“When the Attorney General was going to back the proposed settlement, I was really upset that she could see this slanted deal as beneficial to survivors when it was structured to get the perpetrators out of any liability. It also seemed unlawful to me that the deal could block victims from individually litigating their case,” said Dominique Huett, who claims Weinstein sexually assaulted her in Los Angeles in 2010.
Arguments with James over the settlement got so heated behind the scenes that they impacted other investigations by her office unrelated to Weinstein, sources said. The day after The News ran a story on criticism that James was “working for Harvey Weinstein,” her office canceled at the last minute an interview with news hosts Megyn Kelly and Linda Vester as part of an ongoing probe of the culture at NBC, sources said. Kelly and Vester are represented by attorney Doug Wigdor, who had been an outspoken critic of the Weinstein deal.
“It was very clear that they got less interested in having this meeting they wanted to have so badly,” said attorney Bryan Freedman, who also reps Kelly.
“After the Weinstein thing happened there was a whole different level of interest — it was clear they were sending a lower-priority message.”
The meeting was eventually rescheduled to January.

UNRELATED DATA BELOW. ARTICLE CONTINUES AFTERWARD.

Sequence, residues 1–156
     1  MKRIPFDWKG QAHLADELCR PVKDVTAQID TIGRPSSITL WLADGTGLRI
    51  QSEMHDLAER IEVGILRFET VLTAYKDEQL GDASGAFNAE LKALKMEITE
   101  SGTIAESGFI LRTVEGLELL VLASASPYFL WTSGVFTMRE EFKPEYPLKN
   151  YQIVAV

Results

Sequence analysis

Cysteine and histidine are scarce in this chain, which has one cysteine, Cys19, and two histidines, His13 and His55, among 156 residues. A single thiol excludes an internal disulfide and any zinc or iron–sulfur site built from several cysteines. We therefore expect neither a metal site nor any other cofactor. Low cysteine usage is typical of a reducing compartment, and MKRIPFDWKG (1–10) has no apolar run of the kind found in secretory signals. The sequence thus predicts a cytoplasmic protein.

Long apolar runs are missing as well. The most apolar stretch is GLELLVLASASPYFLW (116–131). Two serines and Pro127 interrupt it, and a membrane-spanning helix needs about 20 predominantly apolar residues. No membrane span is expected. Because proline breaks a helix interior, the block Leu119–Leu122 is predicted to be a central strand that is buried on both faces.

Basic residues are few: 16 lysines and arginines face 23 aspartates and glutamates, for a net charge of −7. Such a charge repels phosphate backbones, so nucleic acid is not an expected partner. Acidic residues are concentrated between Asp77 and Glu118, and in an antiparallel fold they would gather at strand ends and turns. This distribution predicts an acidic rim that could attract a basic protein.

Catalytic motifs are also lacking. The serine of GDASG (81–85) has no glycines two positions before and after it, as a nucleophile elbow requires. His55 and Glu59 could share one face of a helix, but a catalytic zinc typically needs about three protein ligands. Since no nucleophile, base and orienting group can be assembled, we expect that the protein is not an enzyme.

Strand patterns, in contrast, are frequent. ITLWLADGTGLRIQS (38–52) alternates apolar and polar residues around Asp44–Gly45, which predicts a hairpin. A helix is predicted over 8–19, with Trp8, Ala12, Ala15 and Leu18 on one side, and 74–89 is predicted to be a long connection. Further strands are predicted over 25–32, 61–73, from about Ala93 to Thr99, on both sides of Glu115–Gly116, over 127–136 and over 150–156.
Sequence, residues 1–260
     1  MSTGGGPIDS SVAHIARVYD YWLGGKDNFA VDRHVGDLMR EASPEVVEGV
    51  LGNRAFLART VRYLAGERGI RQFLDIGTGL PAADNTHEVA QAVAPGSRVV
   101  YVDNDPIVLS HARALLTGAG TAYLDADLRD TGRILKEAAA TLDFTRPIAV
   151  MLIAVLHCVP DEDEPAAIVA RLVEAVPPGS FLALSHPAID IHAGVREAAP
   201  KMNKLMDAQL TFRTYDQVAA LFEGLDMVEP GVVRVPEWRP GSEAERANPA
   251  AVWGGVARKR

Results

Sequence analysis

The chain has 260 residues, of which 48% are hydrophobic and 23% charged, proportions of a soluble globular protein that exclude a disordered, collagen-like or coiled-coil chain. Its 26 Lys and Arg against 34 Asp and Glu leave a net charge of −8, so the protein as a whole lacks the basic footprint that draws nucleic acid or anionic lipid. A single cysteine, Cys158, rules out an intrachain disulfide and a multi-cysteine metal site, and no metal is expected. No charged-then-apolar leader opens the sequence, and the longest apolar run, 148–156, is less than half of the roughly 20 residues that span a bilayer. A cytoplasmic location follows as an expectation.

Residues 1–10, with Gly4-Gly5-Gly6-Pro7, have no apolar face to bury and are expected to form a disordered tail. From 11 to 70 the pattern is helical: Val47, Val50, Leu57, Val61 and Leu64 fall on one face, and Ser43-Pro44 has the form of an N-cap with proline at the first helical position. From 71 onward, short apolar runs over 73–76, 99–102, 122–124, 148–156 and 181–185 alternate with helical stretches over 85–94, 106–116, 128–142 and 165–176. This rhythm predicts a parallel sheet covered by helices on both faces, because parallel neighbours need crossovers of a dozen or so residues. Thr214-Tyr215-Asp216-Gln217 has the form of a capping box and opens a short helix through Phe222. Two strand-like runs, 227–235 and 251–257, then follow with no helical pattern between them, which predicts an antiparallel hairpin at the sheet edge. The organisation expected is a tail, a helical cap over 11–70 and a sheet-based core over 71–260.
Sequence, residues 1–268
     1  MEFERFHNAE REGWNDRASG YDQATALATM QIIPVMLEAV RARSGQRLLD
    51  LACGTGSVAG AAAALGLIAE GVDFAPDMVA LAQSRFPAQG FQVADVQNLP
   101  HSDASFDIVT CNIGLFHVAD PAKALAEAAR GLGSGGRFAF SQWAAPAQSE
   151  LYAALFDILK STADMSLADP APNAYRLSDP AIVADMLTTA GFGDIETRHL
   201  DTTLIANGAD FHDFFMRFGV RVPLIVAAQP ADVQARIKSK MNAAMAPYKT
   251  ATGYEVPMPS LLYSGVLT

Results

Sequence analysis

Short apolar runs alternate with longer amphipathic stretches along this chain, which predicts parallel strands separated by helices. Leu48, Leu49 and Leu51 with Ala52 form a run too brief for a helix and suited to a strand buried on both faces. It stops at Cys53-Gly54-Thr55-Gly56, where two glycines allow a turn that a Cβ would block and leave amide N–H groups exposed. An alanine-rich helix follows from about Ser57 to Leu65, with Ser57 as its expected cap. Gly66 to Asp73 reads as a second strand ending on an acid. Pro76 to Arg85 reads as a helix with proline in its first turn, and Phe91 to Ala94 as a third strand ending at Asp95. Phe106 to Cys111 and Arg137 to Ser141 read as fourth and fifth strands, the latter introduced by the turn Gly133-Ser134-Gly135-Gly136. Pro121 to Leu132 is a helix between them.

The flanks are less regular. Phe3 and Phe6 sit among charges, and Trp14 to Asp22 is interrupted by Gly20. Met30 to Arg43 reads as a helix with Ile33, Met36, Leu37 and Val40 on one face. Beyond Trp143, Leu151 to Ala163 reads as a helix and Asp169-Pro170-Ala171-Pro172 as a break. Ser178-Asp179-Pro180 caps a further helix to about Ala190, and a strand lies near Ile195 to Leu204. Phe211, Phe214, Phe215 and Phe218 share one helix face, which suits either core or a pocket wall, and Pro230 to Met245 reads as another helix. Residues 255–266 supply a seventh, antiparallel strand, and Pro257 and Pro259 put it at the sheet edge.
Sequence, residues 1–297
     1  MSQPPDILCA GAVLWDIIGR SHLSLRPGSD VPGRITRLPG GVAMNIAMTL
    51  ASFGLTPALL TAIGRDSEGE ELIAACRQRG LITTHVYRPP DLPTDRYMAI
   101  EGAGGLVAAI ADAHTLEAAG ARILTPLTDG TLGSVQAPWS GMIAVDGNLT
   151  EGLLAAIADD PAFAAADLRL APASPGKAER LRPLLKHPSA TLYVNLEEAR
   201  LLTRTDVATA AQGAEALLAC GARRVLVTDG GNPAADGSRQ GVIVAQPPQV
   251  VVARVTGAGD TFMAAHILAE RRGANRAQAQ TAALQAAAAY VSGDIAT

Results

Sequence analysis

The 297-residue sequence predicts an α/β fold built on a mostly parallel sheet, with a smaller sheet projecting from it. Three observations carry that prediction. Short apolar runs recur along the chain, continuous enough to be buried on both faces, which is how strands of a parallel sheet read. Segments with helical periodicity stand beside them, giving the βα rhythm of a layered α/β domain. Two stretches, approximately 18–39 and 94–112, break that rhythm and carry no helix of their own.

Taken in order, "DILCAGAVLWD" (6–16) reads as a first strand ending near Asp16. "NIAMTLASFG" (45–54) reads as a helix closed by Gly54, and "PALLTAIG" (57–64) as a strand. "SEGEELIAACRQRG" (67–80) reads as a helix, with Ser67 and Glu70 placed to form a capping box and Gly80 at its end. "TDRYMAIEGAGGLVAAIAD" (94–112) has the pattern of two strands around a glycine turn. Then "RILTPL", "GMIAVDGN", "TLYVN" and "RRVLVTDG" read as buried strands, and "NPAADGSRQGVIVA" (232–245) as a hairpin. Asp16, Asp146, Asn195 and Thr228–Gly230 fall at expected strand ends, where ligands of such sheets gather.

“If we rescheduled meetings because of things that are written about us we’d never get anything done,” an official at the AG’s office said.
Wigdor, Giuffra and attorney Kevin Mintzer detailed a litany of problems with the settlement in court filings. A total of 13 accusers objected to the deal. Among the most outrageous terms, according to the lawyers:
· $1.5 million to Bob and Harvey Weinstein to defend legal claims brought by women not participating in the class action settlement.
· Harvey and Bob Weinstein contributed nothing to the settlement. Insurers footed the bill.
· Harvey and Bob Weinstein, and members of The Weinstein Company‘s board of directors including billionaire Knicks owner James Dolan, would receive $12 million to cover past legal fees.
· $7.2 million for creditors with claims against the company, including prominent actors like Bradley Cooper, John Cusack and Meryl Streep.
A global settlement now faces uncertain prospects. Weinstein accusers are pursuing individual claims in court. Women who say they endured abuse outside the statute of limitations have little hope, for the moment, of being compensated.
Weinstein is serving a 23-year sentence for sexually assaulting his former production assistant Miriam Haley and raping actress Jessica Mann. He faces another sexual assault trial in Los Angeles.
“Mr. Weinstein’s current and future financial state is far from healthy, not only has his personal liberty been taken from him, but his financial liberty as well. Many parties wanted this settlement to succeed, importantly, it was not just the Weinstein defendants, but the plaintiffs themselves, who likely recognized that this was the route to a realistic recovery,” Weinstein attorney Imran Ansari said.